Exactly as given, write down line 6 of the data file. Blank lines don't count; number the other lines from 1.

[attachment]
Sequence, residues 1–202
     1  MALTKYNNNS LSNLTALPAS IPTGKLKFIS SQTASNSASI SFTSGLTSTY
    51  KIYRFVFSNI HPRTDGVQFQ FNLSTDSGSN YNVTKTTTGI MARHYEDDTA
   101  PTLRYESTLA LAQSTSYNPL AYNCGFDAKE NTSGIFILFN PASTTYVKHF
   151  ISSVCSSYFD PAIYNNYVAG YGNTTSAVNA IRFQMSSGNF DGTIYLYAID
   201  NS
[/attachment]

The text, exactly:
   201  NS